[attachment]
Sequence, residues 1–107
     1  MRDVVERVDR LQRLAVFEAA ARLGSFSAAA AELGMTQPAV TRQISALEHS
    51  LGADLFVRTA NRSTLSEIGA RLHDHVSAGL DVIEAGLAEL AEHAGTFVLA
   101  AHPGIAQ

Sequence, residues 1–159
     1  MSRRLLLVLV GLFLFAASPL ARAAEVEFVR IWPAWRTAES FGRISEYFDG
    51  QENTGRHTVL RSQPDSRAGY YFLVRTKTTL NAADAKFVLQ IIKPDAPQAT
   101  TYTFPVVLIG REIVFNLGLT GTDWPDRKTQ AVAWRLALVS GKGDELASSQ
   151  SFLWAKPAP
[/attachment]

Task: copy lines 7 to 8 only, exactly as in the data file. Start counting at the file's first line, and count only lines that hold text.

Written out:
    51  QENTGRHTVL RSQPDSRAGY YFLVRTKTTL NAADAKFVLQ IIKPDAPQAT
   101  TYTFPVVLIG REIVFNLGLT GTDWPDRKTQ AVAWRLALVS GKGDELASSQ